I was genuinely aghast at what I was hearing proceeding from the lips of this white lady who was acting as though she were beside herself, more like in a trance, as she scolded and repeated to me saying, “Are you hearing what I am saying?” Before I could answer with my customary, “Yes Ana,” she was off again.
All I could see was her back as she rushed off repeating vehemently her words of counsel. “I want you to come back to Panama and be a very important man!” she said. She was so insistent that her strong invectives sent her into an ever more violent fit of coughing- her worse ever.
I automatically reached into my pocket only to discover that I had no handkerchief to offer my beloved teacher Ana who was visibly distressed as she retched painfully during her attack. I patiently waited and watched since all I could do was pat her on the back trying to be of some help during this extraordinary day. That incident would ultimately be the last place where we’d pass the evening together far away from the school.
We then proceeded down into Panama City’s Chinatown on Avenue B where we stopped to retrieve a handful of donations to then continue up towards the train station on Central Avenue. Like two efficient, professional scouts we were headed back for our “headquarters,” the Spanish public school with the mission of accepting a mixture of humanity which they hoped would soon become what the country of Panama needed.
Our barrio’s primary school had been named after Pedro J. Sosa, until then an unknown historical figure, which was to transform those children from the surrounding poorer neighborhoods into useful people for a growing Panamanian Society. In the decades to come, however, it would become what an impoverished Panama would inevitably become.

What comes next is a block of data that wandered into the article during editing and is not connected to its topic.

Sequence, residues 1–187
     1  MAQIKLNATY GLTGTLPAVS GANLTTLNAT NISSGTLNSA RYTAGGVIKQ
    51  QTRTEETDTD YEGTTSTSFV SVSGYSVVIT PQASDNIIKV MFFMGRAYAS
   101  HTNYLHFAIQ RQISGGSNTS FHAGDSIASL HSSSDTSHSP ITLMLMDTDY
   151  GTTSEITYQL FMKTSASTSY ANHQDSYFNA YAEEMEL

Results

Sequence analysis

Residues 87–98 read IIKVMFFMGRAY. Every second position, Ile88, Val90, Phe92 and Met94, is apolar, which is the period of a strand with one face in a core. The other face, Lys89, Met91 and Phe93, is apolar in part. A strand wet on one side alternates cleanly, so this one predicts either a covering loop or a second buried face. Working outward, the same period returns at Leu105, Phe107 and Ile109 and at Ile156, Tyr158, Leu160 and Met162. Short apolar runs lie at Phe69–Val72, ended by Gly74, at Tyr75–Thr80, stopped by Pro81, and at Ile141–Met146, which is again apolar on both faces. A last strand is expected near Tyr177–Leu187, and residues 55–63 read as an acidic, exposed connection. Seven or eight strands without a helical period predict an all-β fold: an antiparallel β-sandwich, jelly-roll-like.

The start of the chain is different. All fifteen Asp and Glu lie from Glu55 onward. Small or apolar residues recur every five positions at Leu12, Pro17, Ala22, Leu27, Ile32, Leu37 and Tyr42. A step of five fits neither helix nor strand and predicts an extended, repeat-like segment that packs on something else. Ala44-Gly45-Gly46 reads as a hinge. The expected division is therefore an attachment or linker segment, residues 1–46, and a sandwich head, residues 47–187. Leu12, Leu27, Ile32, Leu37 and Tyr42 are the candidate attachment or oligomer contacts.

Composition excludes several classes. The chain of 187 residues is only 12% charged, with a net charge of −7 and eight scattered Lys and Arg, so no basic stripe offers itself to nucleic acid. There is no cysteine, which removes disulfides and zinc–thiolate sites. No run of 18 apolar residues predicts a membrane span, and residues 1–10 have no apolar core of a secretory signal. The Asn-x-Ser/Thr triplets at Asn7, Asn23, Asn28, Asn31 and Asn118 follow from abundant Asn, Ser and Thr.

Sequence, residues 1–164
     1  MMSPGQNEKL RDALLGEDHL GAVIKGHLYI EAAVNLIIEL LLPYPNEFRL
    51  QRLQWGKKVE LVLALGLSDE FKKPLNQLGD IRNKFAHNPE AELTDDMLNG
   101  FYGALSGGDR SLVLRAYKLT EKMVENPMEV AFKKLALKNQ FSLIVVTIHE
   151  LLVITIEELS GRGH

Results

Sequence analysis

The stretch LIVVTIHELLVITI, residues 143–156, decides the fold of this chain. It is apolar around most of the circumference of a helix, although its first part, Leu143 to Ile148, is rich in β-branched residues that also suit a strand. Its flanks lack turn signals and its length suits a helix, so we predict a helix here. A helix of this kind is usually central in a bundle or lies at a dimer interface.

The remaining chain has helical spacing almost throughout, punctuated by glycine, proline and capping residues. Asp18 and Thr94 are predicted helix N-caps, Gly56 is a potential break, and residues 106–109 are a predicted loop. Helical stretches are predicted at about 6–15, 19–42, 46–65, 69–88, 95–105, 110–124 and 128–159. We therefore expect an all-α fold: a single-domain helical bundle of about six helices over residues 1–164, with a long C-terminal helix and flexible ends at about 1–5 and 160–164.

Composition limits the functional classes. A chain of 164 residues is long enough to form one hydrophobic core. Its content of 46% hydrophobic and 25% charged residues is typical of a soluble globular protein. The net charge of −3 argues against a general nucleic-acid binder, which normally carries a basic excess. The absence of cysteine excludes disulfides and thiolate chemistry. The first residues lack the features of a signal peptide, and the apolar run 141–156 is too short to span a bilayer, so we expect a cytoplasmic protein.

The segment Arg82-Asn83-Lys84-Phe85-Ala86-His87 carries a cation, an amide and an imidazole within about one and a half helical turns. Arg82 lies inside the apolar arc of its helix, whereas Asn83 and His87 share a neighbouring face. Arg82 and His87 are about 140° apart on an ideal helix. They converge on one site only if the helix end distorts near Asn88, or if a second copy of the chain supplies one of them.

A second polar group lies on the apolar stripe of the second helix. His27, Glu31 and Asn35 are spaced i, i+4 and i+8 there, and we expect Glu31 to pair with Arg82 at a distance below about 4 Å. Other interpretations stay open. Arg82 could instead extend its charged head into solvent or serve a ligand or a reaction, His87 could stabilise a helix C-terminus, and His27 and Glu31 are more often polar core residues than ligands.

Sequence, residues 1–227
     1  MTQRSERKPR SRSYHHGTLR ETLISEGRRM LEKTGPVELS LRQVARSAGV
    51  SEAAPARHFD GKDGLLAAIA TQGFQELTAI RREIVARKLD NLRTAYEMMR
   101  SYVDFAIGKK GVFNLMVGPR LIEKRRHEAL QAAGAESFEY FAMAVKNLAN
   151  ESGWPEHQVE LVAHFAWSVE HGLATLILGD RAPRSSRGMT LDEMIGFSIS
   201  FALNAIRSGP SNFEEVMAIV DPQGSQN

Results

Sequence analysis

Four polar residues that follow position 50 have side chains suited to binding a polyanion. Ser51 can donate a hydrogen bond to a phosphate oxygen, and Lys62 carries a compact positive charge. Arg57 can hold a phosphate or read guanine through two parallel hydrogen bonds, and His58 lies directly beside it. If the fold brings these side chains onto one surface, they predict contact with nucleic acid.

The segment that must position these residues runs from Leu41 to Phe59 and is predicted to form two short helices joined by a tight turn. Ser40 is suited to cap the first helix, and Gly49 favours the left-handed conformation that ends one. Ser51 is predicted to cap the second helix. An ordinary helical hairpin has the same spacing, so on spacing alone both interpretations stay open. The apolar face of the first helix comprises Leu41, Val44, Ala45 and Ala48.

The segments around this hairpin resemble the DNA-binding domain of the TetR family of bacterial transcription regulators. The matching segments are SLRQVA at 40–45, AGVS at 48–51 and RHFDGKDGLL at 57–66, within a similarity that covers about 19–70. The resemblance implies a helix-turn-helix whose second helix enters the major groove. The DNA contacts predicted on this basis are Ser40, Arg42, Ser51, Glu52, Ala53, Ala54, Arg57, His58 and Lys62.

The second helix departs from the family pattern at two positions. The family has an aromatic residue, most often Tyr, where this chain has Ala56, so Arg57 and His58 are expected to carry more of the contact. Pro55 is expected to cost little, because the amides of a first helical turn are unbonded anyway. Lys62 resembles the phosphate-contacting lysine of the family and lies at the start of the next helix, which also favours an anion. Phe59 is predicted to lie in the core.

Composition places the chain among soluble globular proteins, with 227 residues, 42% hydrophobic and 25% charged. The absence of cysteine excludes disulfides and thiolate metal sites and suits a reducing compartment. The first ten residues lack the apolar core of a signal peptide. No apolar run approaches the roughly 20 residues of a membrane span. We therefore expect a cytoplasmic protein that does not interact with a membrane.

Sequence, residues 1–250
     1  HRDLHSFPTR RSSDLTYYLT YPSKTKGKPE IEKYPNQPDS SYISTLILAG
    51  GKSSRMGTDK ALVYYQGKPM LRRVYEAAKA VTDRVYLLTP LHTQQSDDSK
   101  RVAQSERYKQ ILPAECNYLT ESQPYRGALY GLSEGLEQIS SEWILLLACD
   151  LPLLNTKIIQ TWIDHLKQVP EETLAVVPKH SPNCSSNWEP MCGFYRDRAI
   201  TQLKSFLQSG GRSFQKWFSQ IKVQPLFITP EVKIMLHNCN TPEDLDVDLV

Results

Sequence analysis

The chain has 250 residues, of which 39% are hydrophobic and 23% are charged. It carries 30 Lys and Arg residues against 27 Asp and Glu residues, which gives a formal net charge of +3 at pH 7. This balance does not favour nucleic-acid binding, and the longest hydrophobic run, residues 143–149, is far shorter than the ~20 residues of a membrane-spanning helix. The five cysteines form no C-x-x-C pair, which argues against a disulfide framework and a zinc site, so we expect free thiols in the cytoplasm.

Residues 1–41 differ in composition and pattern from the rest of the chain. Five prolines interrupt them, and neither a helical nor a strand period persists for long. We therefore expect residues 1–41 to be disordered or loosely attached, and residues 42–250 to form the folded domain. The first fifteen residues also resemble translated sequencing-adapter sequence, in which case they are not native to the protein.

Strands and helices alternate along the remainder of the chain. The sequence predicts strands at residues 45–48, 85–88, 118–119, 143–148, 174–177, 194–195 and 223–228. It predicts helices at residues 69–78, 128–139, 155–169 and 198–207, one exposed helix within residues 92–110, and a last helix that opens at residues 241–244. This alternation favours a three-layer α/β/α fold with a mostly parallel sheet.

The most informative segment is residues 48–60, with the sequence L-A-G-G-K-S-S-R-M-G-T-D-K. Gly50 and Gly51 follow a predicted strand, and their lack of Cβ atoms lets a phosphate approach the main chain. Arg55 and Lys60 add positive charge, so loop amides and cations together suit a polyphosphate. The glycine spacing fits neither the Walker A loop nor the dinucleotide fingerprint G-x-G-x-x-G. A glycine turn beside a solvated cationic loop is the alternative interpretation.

Another stop at yet another business establishment and then we would finally be on our way as evening turned into night, overtaking the day’s events as we neared the school on Avenida Central in the district of Calidonia of Panama City.
All our return trips to the school’s director office had produced quite a bulk of the items needed for a school fair and this trip was to be my last. We entered the school Director’s office where a clothing closet had been converted into a storage space for the myriad of donated items.
Reflecting on the events leading up to this final day of canvassing, however, I had gained some insight into another side of Panamanian society during all those weeks out on the road with Ana. I was convinced that, had it not been for this extraordinary experience with Ana Sanchez, I would have never in my life met that side of a Panama so divided.
I was on my way out of the director’s office which also served as a teacher’s lounge when I heard Teacher Ana say, “Juni you take over; take charge of everything! Pick some of them and go back to the places we missed and pick up the rest of the stuff.” “Ok Ana,” I said and turned around to immediately do as she asked.
This story continues.